A selection of Spanish wines for International Tempranillo Day
Last week I mentioned that November 12 would be International Tempranillo Day and I described a wine from Spain.
The date may have been a little confusing. Those with a far better memory than I am blessed with may have thought, “Surely last year I celebrated this occasion on November 14?”
You would be correct, as I should have stated that this event takes place on the second Thursday of each November. To make up for this, I intend to share a few more wines made from this classic grape of Spain.
I am not sure what he is up to, with the travel situation being what it is, but Kaj Ahlmann certainly must be a candidate for the visitor who has made the most trips to Bermuda. This affable gentleman, who with his family owns Six Sigma Winery in Lake County California, is also very involved with international insurance affairs.
They consider their wine made from this grape to be their flagship and so let me share a few facts about their 2016 Six Sigma Tempranillo Reserve as stated on their website: “This luxurious, rich wine is destined for pairing with family, friends, and food. As you take your first sip, you will catch a hint of butterscotch on the nose, followed by decadent aromas of cloves, jam and sweet spices. The palate will conjure silky licorice and white pepper, accompanied with plum and fig, leaving you with a nice finish of vanilla notes and dark chocolate. Smooth tannins round out this full-bodied wine.
“The tempranillo grapes were grown at the Diamond Mine Vineyard site on our ranch. This site is named for the ’Lake County Diamonds’, small volcanic-made pieces of quartz that litter the ground and glimmer in the sunlight. The vineyard sits at 1,700ft elevation and is surrounded by an untouched landscape. We use a no-till approach to managing the vineyard floor with the goal of minimal input. Sheep graze in the vineyards helping us compost the permanent cover crop.”
Only four hundred cases of this wine were produced, and it is a classic example of what this grape can achieve in the New World. It is delicious. $59.46 (Stock #5904).
Casa Roja is a quite new winery founded in the Ribera del Duero region of Spain in 2009. Their 2016 Casa Roja Alexander the Great is a blend of 85 per cent tempranillo with 5 per cent cabernet sauvignon, 5 per cent ,malbec and 5 per cent merlot. The aromas are of intense red fruit with subtle spices added by the French oak barrels. Mocha and vanilla are well integrated with the tannins as it moves into a complex and long finish. $46.80 (Stock #9374).
The 2015 Marques de Riscal Reserva, with its golden wire-meshed bottle has been a standard of our Spanish portfolio for many years. Back in 1858 the popularity of this wine caused it to be so sought after that the owners wire-wrapped them in a way that would prevent cork removal and the substituting of an inferior product.
This always has a minimum of 90 per cent tempranillo, but small amounts of graciano and mazuelo are included to enhance crispness and colour. Two years in American oak add fresh and fine elegance. To quote the winery: “Intense black-cherry colour with good depth and hardly any signs of evolution. Very expressive aromas on the nose with notes of liquorice, cinnamon and black pepper, with just a subtle hint of the long cask-ageing, thanks to its great complexity and ripe, concentrated fruit. Fresh and easy to drink on the palate, good backbone and lovely, polished tannins. The long, persistent finish leaves gentle balsamic reminders of the finest quality.” $28.90 (Stock #9360).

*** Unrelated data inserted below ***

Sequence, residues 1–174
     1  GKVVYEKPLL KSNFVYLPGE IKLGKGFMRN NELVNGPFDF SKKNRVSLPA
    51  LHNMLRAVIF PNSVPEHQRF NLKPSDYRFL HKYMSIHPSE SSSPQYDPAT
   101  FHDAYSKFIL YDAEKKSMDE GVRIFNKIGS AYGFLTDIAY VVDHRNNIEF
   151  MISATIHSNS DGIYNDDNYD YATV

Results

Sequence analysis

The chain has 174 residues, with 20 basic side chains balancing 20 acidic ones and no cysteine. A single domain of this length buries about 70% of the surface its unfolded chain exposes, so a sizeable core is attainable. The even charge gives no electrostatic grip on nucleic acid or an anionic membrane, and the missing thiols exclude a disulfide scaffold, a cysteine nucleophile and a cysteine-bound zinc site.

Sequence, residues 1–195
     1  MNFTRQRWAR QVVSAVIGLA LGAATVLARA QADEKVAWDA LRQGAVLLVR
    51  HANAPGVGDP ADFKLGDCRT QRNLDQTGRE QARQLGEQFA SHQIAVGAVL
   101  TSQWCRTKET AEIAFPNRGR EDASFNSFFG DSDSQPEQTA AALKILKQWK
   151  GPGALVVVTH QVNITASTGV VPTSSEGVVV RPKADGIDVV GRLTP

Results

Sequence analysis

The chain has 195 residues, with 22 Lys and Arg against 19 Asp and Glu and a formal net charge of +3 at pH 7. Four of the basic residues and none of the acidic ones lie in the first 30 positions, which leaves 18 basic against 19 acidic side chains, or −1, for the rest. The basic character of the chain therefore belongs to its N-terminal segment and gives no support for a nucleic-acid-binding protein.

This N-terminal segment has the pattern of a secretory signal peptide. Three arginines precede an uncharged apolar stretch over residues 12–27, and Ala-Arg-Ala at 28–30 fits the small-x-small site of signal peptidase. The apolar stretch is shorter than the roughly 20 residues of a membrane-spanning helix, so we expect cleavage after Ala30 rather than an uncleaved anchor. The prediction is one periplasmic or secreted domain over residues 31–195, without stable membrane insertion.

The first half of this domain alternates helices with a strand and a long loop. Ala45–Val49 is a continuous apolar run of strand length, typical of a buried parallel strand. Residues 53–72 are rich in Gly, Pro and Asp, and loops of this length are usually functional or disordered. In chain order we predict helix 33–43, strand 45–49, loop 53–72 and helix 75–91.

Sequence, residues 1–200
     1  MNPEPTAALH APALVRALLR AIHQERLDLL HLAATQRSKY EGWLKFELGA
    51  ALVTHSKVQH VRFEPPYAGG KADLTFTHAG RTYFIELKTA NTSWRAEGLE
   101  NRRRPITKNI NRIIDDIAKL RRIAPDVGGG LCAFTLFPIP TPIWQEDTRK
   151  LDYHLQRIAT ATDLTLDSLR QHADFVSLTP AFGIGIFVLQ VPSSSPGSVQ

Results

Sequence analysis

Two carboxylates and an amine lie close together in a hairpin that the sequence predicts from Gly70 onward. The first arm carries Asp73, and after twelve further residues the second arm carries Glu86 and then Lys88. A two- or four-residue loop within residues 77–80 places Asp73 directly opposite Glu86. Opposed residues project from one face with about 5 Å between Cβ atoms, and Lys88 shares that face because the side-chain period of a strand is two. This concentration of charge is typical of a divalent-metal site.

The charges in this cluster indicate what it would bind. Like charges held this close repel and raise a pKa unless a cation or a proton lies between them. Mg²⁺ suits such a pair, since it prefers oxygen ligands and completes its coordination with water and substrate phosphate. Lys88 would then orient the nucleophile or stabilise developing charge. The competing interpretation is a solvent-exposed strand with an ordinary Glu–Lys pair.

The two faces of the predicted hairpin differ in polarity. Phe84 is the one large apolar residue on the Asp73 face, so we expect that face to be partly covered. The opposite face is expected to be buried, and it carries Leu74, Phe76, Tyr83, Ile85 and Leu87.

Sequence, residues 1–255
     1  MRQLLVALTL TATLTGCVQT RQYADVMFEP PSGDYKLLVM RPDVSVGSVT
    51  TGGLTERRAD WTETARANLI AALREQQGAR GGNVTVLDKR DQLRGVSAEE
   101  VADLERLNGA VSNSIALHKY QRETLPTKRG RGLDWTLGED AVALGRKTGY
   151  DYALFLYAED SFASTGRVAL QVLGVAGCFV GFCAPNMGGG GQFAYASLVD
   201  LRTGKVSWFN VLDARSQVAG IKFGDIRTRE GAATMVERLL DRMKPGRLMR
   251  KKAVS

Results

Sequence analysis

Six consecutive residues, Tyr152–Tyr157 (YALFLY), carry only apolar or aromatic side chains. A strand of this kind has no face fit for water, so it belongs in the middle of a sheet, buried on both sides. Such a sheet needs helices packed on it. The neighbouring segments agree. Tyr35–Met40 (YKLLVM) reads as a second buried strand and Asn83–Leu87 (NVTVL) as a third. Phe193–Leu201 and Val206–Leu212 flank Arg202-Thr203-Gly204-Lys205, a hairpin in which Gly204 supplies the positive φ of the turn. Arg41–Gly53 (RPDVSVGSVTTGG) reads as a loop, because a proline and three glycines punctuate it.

If I decide to celebrate the date that I was born on, later this month, by opening a Spanish wine then I feel that it must be 2011 Cune Imperial Gran Reserva. I have told this story before, but here I go again. My wife and I were making our annual pilgrimage to the New York Wine Experience and it was here that I was asked if our company would be interested in representing Cune. I tasted and loved what they had to offer and said that I would consider their kind offer. Once back in Bermuda I picked up the latest issue of Wine Spectator, as it featured their annual list of the world’s top 100 wines. The place of honour, first place overall, was awarded to Cune Imperial. That clinched it for me.
This 2011 vintage is maintaining its impeccable reputation as it placed fifth overall on last year’s Wine Enthusiast top 100 with a score of 97/100. This is how they described it: “This is a fabulous gran reserva from a very good but lightly heralded vintage. Aromas of spiced plum, black olive, fig, tobacco and cassis come together like a puzzle. A deep, pure palate shows near-perfect balance, while this tastes of plum, berry fruits and earthy spice. Smooth, elegant and chocolaty on the finish, this delivers all one can ask for from Rioja. *Editors’ Choice* (2/2019).” $80.05 (Stock #9735).
Despair not if you are seeking a Monday to Thursday night tempranillo, as the 2016 Cune Crianza placed 41 on last year’s Wine Enthusiast list of the world’s top 100 best buys. This publication gave it 90/100 and wrote: “Garnet colour with violet notes on the meniscus. In the nose it is surprisingly aromatic. The red fruits and licorice are in balance with aromas from American barrels which reminds us of vanilla and cocoa with some caramel.” $21.95 (Stock #9734).
This column is an advertorial for Burrows Lightbourn Ltd. E-mail firstname.lastname@example.org or 295-0176. Burrows Lightbourn has stores in Hamilton (Front Street East, 295-1554) and Paget (Harbour Road, 236-0355). Visit www.wineonline.bm